Whaling

Pharming

Pharming is a sophisticated phishing attack that tricks the victim’s DNS server (or device) into caching false information so that the victim is automatically redirected from a legitimate website to a fake one that’s designed to capture their credentials.

Pharming

Clone phishing

Clone phishing is a technique through which attackers use copies of legitimate emails or messages that the victim has already received before, and therefore, know and trust. The attacker will change some details and include malicious links or files in these copies. These suspicious changes are usually overlooked by the victim due to a sense of familiarity with the message.

How to avoid the bait — protecting against phishing

Despite the rise in phishing threats, 97% of employees don’t know how to recognize an advanced phishing email. Education through security awareness training and phishing simulation (deliberately sending fake phishing emails to increase awareness) is the best way to combat this growing menace. According to a Webroot survey, around 11% of users fell victim to the first phishing email. However, this rate dropped significantly to 6% after the sixth simulation email and only 4% after 18 simulations.

Training helps users understand what phishing is and helps them identify what’s “phishy” about the emails and messages they receive. “Phishy” traits include (but are not restricted to):

  • Call to disclose sensitive or personal information or take any other action
  • Requests for money
  • Unsolicited files and attachments
  • Subtle or blatant attempts to create urgency
  • Threats of serious repercussions, sometimes unrealistic
  • Poor spelling and grammar
  • Illegitimate or incorrect sender details
  • Truncated links that are hard to verify
  • Links with subtle spelling differences that look genuine but aren’t
  • Malicious links that are misrepresented to look like genuine ones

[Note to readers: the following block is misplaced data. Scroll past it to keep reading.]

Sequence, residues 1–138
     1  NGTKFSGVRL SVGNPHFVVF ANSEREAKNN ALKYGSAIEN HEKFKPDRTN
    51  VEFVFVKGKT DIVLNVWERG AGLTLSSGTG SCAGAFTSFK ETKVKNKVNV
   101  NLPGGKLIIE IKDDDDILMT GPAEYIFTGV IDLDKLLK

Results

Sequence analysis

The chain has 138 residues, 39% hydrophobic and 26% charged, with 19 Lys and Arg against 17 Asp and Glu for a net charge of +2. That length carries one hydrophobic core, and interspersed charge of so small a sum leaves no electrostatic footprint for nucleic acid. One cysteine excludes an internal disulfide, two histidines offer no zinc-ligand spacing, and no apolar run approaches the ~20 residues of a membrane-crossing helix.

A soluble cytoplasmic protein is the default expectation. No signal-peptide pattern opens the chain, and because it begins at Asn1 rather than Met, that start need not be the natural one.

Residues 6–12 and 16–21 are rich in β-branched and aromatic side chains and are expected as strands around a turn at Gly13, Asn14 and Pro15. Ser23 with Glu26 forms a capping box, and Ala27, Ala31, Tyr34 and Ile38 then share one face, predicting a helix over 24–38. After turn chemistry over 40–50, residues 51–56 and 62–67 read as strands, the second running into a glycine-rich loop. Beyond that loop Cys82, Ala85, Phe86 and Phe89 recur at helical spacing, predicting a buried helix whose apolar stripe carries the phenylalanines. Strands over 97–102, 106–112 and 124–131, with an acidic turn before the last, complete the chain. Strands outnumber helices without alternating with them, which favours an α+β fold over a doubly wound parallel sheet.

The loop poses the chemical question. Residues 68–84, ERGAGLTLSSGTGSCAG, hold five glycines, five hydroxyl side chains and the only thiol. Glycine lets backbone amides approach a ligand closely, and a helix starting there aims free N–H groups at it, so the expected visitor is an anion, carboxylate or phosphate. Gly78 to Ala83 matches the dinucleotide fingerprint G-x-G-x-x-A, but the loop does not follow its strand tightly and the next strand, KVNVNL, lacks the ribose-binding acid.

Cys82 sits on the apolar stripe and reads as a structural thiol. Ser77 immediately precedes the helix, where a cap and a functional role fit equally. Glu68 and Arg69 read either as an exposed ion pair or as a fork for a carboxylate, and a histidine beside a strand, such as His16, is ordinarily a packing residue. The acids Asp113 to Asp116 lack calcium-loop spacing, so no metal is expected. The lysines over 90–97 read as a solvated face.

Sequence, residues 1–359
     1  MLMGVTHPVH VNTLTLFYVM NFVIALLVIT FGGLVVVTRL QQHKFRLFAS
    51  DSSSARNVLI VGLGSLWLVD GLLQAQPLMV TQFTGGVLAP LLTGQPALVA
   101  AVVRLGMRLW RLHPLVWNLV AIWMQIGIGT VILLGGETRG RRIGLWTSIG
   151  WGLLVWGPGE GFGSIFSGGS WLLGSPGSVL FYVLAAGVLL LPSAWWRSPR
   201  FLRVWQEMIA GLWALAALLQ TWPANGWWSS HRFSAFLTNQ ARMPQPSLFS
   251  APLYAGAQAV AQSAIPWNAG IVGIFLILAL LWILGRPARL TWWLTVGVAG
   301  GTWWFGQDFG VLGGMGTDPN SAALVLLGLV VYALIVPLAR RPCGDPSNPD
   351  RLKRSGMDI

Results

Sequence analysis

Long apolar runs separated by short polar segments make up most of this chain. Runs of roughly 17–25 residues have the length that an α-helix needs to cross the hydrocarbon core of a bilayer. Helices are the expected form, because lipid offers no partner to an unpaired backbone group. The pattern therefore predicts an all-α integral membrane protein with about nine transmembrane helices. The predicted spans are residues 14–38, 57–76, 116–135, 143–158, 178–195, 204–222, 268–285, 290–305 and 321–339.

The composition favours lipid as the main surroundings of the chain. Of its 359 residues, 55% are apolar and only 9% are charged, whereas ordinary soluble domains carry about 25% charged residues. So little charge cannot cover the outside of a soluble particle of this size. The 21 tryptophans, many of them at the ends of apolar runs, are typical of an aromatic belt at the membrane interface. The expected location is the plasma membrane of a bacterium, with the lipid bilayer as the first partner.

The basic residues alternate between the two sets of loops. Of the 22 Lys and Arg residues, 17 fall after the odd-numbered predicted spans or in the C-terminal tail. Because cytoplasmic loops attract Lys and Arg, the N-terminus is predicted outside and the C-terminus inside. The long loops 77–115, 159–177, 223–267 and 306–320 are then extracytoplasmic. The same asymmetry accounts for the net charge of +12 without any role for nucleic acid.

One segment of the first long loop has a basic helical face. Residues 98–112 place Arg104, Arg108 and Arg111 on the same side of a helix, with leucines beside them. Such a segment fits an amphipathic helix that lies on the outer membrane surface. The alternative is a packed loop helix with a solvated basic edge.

How to avoid the bait

Use technologies that help protect against phishing and its aftermath

  • Advanced email security: It leverages machine learning and artificial intelligence to help users stay ahead of the latest phishing scams.
  • Antivirus software: Phishing attacks bypass traditional security software because they don’t contain malware. Advanced antivirus protection can provide an additional layer of protection if a successful attack has resulted in malware being deployed.
  • Multifactor authentication (MFA): Phishing attacks typically harvest user credentials like username and passwords. MFA uses an extra mechanism to authenticate the user (e.g., via the mobile phone) and adds an extra layer of security so that even if the criminal has the password, it is useless because they cannot complete the MFA process.
  • Web filters: These prevent users from visiting malicious and blacklisted websites.

What is phishing and how to combat it

Phishing is the fraudulent practice of sending fake emails and other messages to collect sensitive information or manipulate someone. It’s a common menace and can be seen in many forms like spear phishing, whaling and pharming. The best way to protect against phishing is by educating users and adopting technologies that combat phishing, like email security solutions, antivirus software, etc.

We hope this blog shed some light on what phishing is and helped you understand how you can protect yourself and others against it.